It should be recognised as well that the programme of relationships and sexuality education, which is being introduced into schools by my colleague, the Minister for Education, will play an important role in promoting an understanding of sexuality and a knowledge of reproduction in a moral, spiritual and social framework.
In addition to research and education, the Government's programme recognises the importance of counselling for women with crisis pregnancies — counselling which is accessible, professional and carried out in a sympathetic way. For most women faced with this situation, their own doctor is ideally placed as the first point of contact. The Department of Health has been in contact with the Irish College of General Practitioners and has asked them to look immediately at how best to provide pregnancy counselling through family doctors.
It is not the intention, however, that family doctors only will provide this service. I appreciate the work which is already being done by voluntary agencies and they will be encouraged to develop their services further. The Department of Health is already providing funding, through the health boards, for a number of voluntary agencies which offer pregnancy counselling, such as CURA, LIFE and Cherish. The support provided to these agencies amounts at present to about £70,000. I am satisfied, however, that we need to give considerably more funding to the wide spectrum of voluntary agencies providing services to women with crisis pregnancies, so that women in all parts of the country will have a choice of accessible services. The Department of Health is now consulting the health boards to work out the needs in each region. When these requirements have been identified. I will be making significant funding available to ensure that counselling is available wherever it is needed. I am setting aside initially a provision of £200,000 for this purpose and want to make it clear that it is an initial provision only.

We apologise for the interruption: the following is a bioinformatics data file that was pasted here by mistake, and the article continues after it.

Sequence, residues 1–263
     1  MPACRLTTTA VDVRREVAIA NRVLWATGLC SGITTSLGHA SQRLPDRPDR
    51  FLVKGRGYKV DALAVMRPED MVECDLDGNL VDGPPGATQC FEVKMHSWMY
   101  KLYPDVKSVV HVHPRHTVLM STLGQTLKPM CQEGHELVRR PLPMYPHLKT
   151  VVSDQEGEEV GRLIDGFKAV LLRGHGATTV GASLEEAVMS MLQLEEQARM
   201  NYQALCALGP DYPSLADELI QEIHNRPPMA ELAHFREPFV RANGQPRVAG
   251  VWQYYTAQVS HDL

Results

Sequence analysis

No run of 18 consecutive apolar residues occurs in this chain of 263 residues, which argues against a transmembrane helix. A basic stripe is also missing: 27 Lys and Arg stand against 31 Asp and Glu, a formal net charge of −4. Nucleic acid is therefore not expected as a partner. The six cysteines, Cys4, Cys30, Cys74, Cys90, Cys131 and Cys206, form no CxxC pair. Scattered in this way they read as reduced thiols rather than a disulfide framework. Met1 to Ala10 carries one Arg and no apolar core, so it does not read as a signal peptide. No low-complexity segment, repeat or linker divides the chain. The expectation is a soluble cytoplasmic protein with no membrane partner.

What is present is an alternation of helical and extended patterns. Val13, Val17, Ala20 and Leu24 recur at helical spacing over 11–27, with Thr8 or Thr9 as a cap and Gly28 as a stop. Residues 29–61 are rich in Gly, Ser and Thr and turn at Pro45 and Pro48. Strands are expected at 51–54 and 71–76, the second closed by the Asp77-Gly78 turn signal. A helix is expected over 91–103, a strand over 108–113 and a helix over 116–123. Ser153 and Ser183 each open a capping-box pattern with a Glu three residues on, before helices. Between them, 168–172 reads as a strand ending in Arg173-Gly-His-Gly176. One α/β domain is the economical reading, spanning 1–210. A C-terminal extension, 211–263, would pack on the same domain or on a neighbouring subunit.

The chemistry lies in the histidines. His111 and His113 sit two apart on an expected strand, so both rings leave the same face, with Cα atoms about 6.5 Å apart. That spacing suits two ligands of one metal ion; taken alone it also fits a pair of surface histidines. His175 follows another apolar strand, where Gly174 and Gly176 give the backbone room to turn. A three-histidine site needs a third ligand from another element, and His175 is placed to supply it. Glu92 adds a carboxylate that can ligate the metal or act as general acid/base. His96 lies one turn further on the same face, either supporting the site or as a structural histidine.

I should also mentioned that, as part of the Government's Policy Agreement, the Department of Health will shortly issue guidelines to the health boards for the development of a comprehensive family planning service. Under these guidelines, the boards will be asked to provide comprehensive services to all those who need them, on a basis which is equitable, accessible and offers a choice between health board and voluntary services. They will provide the services through health board clinics, maternity hospitals or units, general practitioners, voluntary organisations and pharmacies. Particular emphasis will be placed on providing services to disadvantaged or at-risk groups, and to persons with special needs. I will be dealing with this in a matter of weeks in a further statement.